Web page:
China and Hong Kong

By | January 7, 2022

China and Hong Kong

At the end of September 2014, thousands of people took to the streets in Hong Kong to protest against the modalities of choice for the next head of the government of the special administrative region – called Chief Executive ¬ defined by Beijing with a decision taken on 30 August. Students and pro-democracy activists occupied the central district of the city for two weeks, demanding the resignation of the current Chief Executive, CY Leung, and the democratic revision of the electoral system. The demonstrators had already expressed in early September their desire to paralyze the financial heart of Hong Kong, where the offices of international banks and multinational companies from all over the world are located. protesting against what they believe to be a violation of the pacts agreed upon the handover between the United Kingdom and China in 1997. The purely political reasons were joined by more economic complaints, against growing social inequalities and the exorbitant increase in costs for services Basic. Renamed ‘Umbrella Revolution’ by the media due to the use of umbrellas to protect themselves from heat and tear gas, the story has taken on international significance both for its importance andfinancial hub now covers and for which it is essential to ensure economic and political stability, both because this protest gives voice to the generalized malaise of young people in Hong Kong, who see the authoritarianism of the Beijing government as the enemy to which a democratic system as a solution can be opposed of all problems.

In June 2015, the LegCo – the local parliament – rejected the Chinese government’s proposed electoral modification which provided for the election by universal suffrage of the Chief Executive after the selection of candidates by a restricted electoral commission. The opposition has thus managed to reject a proposal that was intended as partial, but now the electoral reform seems to have frozen at least until the next elections in 2017.

The Brics Bank and the Asian Infrastructure Investment Bank

In the two-year period 2014-2015, China launched two important initiatives aimed at reviewing global financial governance. In July 2014, the so-called BRICS countries (Brazil, Russia, India, China and South Africa) signed the agreement for the establishment of the New Development Bank (Ndb), an international multilateral bank with an initial capital of 50 billion dollars. In addition, in March 2015, the applications for membership of the Asian Infrastructure Investment Bank (Aiib), an Asian regional bank based in Beijing and managed ad interim by the Chinese Jin Liqun, were completed. The initial capital of the AIIB is 100 billion dollars and they have joined as prospective members 52 Asian and non-Asian countries. The birth of the Bank was a diplomatic success for China which managed to involve all the major world economies except the USA, Japan and Canada, thus managing to overcome, at least in this case, the traditional relationship between the United States and the United Kingdom, the first European country to join. Although the Chinese have repeatedly reiterated that these initiatives want to present themselves as complementary to the current financial governance system, Ndb and Aiib are configured as direct competitors of the World Bank and International Monetary Fund on a global level and of the Asian Development Bank (led by Japanese). on a regional level.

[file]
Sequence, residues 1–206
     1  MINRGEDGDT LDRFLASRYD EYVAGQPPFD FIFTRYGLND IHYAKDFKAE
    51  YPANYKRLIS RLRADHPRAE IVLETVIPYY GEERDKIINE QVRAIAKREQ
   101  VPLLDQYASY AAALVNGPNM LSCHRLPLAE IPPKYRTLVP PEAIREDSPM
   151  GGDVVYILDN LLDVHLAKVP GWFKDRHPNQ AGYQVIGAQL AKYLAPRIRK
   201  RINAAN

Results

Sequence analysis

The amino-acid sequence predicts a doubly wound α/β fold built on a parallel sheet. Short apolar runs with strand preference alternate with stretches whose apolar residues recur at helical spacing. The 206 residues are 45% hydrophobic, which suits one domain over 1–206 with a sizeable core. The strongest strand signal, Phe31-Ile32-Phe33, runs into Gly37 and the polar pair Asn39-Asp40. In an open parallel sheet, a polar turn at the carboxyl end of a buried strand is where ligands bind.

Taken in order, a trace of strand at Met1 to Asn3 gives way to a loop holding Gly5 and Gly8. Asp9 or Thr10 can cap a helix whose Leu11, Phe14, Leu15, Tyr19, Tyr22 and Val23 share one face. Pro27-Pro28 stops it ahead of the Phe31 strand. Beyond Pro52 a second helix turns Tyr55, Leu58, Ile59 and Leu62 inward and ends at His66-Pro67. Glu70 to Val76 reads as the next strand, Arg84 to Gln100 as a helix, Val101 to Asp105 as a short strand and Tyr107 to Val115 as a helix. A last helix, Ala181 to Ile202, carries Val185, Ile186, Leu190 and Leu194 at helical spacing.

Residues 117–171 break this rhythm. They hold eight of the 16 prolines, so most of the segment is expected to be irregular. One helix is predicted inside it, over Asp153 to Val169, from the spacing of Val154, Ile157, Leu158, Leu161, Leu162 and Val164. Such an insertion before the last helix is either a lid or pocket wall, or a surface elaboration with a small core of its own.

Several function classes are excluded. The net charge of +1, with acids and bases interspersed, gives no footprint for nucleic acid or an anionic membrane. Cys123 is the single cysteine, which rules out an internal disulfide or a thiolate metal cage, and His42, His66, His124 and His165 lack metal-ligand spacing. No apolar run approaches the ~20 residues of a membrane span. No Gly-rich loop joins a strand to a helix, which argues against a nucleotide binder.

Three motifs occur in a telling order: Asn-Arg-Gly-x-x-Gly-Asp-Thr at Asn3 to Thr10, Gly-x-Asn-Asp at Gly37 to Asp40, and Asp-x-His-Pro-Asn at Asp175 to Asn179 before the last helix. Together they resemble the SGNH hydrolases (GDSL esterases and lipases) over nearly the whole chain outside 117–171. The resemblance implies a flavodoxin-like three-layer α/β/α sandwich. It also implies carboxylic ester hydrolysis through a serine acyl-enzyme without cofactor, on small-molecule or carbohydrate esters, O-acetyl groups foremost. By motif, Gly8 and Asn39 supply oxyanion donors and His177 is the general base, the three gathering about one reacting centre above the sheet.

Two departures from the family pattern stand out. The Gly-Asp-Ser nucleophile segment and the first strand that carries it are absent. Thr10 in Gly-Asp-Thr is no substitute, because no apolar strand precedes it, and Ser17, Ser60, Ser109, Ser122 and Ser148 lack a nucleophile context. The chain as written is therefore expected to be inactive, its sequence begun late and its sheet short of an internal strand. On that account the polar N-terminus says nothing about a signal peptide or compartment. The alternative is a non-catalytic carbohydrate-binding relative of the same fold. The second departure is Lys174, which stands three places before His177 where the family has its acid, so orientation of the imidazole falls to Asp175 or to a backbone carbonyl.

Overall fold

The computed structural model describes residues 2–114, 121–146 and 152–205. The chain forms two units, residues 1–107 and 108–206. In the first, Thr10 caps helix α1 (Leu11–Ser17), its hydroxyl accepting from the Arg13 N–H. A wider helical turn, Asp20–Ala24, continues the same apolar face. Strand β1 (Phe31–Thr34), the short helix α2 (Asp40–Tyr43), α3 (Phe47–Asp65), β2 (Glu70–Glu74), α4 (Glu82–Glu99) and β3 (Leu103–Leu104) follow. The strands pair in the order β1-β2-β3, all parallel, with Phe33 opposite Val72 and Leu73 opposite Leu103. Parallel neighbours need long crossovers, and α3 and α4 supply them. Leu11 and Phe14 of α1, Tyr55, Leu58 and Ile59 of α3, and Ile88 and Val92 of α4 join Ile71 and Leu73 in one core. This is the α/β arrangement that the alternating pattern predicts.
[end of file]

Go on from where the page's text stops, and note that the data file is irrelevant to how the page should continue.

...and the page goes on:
The Uyghur question

According to PROZIPCODES.COM, relations between the autonomous Uyghur region of Xinjiang, 60% populated by ethnic minorities of Turkish origin, and the People’s Republic of China have always been rather turbulent, marked in recent decades by various ‘incidents’, demonstrations, scuffles and actual attacks. terrorists. Although the separatist terrorist movement does not enjoy the support of the majority of the population, the attempt to sinize the Uyghur population and the presence of strong socio-economic differences between Han and Uighurs have generated widespread ethnic tension. On the one hand, the Chinese government is implementing policies that undermine Uyghur cultural identity – for example by substituting Mandarin for Uighur as the only language for education – on the other hand it does not sufficiently promote educational and employment opportunities for the Uyghur population. who on average earn less than Han residents in Xinjiang. Perhaps also due to the strategic position that Xinjiang holds nationally and internationally, the central government has always had a harsh attitude towards the Uighurs, severely condemning any act that could even remotely affect national unity: the sentence to life imprisonment is significant. for ‘separatism’ of academic Ilham Tothi, a supporter of greater cultural autonomy in Xinjiang. Many Western analysts have noted the difference with which the central government treats Uighurs compared to the other Muslim minority in China, the Hui, who are fully integrated into Chinese culture and life.

China and Hong Kong